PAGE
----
Evelyn Boyd Granville
Evelyn Boyd Granville was one of the first African American to be a Mathematician. She was well educated by schools that helped her become a teacher (Professor) and has a background of her family whom also helped.
Evelyn was born on May 1, 1924 in Washington, DC. Her father, William Boyd, had many jobs to help support her family. Her mother, Julia Boyd, was a secretary and also support her family. When she was just five years old, she and her family lived through the Great Depression which caused her father to have many jobs. A little after, her parents separated. Her mother had an older sister and moved in with her and brought Evelyn as well. She began to attend Elementary, Junior high, and high school as she got older. She wanted to get an education and want to decide on what her career may be. The high school she attended was Dunbar high and was aspired by two Math teachers, Ulysses Basset and Mary Cromwell. This was the ...view middle of the document...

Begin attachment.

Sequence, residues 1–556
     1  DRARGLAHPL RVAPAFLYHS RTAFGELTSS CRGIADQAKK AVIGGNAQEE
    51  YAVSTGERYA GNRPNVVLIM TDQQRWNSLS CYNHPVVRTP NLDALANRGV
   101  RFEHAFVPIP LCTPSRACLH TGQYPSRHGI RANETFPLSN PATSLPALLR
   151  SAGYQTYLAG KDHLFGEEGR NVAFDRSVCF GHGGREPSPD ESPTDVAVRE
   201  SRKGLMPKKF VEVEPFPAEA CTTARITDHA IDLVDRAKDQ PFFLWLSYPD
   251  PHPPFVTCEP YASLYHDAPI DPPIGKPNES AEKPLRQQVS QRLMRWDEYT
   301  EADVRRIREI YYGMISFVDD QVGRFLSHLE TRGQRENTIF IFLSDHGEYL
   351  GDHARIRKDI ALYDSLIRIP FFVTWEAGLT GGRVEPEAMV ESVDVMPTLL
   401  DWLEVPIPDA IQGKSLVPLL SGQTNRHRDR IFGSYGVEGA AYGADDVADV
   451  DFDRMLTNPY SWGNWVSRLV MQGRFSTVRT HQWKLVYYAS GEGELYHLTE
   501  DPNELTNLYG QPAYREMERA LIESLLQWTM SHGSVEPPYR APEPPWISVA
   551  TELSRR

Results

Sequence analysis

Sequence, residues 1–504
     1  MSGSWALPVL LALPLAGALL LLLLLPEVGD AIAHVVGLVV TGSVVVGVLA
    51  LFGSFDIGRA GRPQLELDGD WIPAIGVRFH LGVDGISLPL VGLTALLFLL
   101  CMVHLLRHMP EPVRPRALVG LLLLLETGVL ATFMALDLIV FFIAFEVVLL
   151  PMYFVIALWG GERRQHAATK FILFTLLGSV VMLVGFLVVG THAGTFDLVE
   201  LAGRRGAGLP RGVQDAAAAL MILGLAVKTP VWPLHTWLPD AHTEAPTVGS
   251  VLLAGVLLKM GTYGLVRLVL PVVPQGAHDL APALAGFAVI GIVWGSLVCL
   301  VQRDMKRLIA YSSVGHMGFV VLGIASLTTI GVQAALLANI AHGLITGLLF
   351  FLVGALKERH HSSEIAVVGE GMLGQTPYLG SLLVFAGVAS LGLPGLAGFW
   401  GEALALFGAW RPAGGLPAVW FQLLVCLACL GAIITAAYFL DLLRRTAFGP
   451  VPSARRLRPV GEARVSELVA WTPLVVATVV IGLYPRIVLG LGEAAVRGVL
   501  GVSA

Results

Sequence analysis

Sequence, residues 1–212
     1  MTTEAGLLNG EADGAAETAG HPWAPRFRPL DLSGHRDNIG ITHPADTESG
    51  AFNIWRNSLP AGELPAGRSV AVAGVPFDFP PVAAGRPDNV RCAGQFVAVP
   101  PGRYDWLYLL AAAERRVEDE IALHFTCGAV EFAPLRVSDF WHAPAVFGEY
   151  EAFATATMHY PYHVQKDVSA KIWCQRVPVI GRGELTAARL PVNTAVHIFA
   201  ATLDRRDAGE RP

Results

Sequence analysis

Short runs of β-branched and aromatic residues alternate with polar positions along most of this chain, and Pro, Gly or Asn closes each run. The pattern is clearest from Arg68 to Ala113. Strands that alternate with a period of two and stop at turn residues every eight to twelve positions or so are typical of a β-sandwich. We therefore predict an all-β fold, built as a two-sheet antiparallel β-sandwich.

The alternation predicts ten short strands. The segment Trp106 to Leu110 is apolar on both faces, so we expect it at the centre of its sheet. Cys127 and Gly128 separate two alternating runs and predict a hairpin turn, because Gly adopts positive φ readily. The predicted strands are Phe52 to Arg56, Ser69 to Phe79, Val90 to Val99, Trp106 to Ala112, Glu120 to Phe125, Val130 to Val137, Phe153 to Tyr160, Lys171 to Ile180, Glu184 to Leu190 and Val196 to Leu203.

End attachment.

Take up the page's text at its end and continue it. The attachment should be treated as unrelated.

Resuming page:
After attending Smith, she earn offers from Michigan and Yale University. She chose Yale University because it offered more support to help her with financial assistance. While attending Yale, she received another scholarship for the National Black Teachers from Phi Delta Kappa. After Yale, she was one of the first African American Woman to earn a Ph.D. from Phi Delta Kappa as well. Granville was married and divorce in 1967, during her years of teaching. At the time, she had offers to teach at New York University Institution of Mathematics as a part time Instructor and California State University. She took both offers but left New York and moved to Los Angeles to teach longer in California State. She also taught in a University in Nashville, Tennessee as Professor as well. She was the Professor in California State and was married again in 1970 to Edward V. Granville. She taught for thirty years and retired in 1984. After her years of teaching, that didn’t stop her from doing what she loved to do. She joined the University of Texas in Tyler as professor and was over the Mathematics department. She also created programs for the Elementary schools called Math Enrichment. She co-wrote the textbook and participated in the Miller Mathematics Improvements. She went back to New York and worked as Research Assistance part-time for one year. She also created the computer software for NASA’s Project Vanguard and project Mercury Space programs. Her interest in Astronomy still occurs to what she still have plans for encouraging students to receive an education. She was honored by the National Academy of Service in 1999. Evelyn was also rewarded honorary degree by Smith College and Lincoln University. They honored her works for the students that she have taught in her years of teaching. She admired her Math teachers in high school, whom helped her get where she is today. She is still living and have programs that can help students learn as well. As she progressed over the years, one thing she did learn was that you can beat many statistics. She became one of the best Professors in Mathematics and is very know for how she did it. Anything is possible in Granville eyes.